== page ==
All passengers and crew _ from a dozen countries _ were presumed dead after the turboprop ATR-72 came down in stormy weather on Wednesday, sinking to the bottom of the swollen waters.
As rescuers scoured the river for the submerged plane, a crane perched on a floating platform in the middle of the Mekong was on standby to try to winch up the aircraft.
About 10 boats of varying sizes plied the fast-flowing waters and divers from a Thai rescue team were on the scene to assist.
"It's difficult to dive because there is a strong current and it's dangerous. So I think it's 50/50 that we will find something," said Thai rescue diver Aniwat Plaeng-ngaan, 20.
Lao authorities yesterday allowed more than 100 rescue workers and divers from Thai private relief organisations, naval and police forces to assist with the search for bodies. Five Thai nationals were on board the plane.
As of 4.05pm Thursday (the same time in Thailand), 16 bodies had been found, the Thai Emergency Medical Service (EMS) Info website reported.
Retrieved bodies of the victims will also be sent to Sapphasitthiprasong Hospital in Ubon Ratchathani for identification. Lao authorities also requested body bags from the Thai hospital to handle bodies.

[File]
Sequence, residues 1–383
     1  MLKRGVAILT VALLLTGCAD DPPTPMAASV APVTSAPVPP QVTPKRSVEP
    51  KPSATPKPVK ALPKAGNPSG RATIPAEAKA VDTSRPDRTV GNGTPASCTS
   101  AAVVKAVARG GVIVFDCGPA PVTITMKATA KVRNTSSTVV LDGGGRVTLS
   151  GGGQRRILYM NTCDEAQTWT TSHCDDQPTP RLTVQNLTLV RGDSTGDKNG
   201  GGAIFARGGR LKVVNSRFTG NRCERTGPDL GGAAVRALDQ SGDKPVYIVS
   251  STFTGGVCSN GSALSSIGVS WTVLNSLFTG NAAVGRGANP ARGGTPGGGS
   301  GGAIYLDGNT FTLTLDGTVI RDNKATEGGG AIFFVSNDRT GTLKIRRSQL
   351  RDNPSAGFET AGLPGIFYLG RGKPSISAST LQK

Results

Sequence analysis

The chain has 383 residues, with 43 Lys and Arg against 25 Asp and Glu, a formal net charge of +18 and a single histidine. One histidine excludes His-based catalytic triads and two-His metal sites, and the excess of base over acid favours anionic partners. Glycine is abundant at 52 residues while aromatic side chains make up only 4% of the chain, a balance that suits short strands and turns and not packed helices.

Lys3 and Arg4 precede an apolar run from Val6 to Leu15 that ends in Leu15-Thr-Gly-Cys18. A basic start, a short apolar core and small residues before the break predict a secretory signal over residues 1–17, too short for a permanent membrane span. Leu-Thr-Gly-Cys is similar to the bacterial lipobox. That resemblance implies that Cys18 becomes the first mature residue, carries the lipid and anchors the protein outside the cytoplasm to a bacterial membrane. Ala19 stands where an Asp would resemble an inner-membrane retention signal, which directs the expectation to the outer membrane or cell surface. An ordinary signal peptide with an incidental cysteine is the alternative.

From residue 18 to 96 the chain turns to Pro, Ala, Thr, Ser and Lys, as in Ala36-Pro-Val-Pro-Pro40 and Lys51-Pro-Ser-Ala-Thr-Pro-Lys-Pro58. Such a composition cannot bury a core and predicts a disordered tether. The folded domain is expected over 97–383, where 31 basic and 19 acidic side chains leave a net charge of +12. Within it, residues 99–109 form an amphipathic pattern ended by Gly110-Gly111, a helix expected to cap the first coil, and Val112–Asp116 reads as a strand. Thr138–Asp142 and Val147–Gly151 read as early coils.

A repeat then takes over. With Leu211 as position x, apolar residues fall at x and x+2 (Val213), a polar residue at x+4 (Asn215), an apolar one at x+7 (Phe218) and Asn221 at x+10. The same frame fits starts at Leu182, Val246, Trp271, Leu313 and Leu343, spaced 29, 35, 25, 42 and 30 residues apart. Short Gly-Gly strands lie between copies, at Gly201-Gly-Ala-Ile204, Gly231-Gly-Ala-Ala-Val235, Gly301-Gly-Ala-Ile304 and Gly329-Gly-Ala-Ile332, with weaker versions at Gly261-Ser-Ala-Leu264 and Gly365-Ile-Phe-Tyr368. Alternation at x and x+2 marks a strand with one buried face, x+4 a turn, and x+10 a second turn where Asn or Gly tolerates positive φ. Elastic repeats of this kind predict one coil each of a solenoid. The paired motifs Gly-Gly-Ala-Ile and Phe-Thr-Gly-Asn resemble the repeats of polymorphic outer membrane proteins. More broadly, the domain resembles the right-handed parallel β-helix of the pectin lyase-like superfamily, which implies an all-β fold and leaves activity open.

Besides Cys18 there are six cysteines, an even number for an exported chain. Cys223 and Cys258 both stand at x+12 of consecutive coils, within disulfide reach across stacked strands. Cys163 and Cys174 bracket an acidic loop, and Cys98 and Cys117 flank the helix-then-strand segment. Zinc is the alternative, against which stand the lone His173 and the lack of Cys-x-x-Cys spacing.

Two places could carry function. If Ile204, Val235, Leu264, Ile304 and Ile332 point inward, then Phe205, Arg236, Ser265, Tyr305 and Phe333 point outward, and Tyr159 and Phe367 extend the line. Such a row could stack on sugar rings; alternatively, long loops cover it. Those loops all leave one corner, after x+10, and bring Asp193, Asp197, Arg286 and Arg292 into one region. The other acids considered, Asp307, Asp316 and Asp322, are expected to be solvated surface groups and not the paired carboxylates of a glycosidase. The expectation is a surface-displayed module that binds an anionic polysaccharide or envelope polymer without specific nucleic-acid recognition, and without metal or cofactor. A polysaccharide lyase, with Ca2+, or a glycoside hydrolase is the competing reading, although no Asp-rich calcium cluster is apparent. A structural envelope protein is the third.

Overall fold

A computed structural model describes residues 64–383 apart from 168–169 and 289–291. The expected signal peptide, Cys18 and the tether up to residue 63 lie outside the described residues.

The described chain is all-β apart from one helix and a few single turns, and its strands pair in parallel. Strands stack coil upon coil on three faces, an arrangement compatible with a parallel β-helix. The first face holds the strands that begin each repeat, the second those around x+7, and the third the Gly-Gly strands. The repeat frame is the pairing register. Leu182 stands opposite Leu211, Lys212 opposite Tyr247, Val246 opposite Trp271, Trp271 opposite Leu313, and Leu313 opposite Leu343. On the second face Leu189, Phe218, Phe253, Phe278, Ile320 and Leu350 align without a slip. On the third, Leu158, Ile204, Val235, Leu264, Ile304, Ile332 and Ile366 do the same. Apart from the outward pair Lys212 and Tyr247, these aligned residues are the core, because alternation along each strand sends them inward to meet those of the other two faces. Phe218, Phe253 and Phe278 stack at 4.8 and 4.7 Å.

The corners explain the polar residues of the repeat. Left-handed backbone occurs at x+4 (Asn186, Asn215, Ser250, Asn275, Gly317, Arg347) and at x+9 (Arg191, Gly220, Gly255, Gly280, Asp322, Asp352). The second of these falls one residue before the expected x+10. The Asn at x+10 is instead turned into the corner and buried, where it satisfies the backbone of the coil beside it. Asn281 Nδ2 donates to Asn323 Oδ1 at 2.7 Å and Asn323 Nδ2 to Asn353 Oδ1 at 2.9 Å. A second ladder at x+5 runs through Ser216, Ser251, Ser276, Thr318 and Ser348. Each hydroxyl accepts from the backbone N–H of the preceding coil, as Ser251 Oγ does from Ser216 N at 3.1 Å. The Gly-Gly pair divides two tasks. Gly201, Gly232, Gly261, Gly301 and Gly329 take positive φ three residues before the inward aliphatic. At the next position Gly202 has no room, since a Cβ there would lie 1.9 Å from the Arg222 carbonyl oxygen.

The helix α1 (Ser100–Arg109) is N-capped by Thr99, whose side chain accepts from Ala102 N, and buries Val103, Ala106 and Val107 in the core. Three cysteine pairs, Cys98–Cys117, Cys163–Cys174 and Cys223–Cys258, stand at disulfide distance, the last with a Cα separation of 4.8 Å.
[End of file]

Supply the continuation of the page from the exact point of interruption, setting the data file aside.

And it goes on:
A Thai Tsunami Victim Identification team will travel to Ubon Ratchathani and Pakse today at the request of Lao authorities and the Australian embassy in Bangkok to help identify victims.
Crowds of local people, monks and security personnel watched from the banks. Some recounted seeing the plane in trouble before it came down.
"I heard a boom! A sound like a bomb going off. There was smoke and flames before it crashed," said village chief Buasorn Kornthong, 37.
Some debris was seen floating along the river and suitcases were wedged in mud on the riverbank.
The flight from the capital Vientiane was carrying 44 passengers and five crew, including 28 foreigners, when it crashed near Pakse airport in Champasak province, according to officials.
"Tragically, we expect there are no survivors," Lao Airlines CEO Somphone Douangdara said yesterday, expressing "deepest condolences" to families of the victims.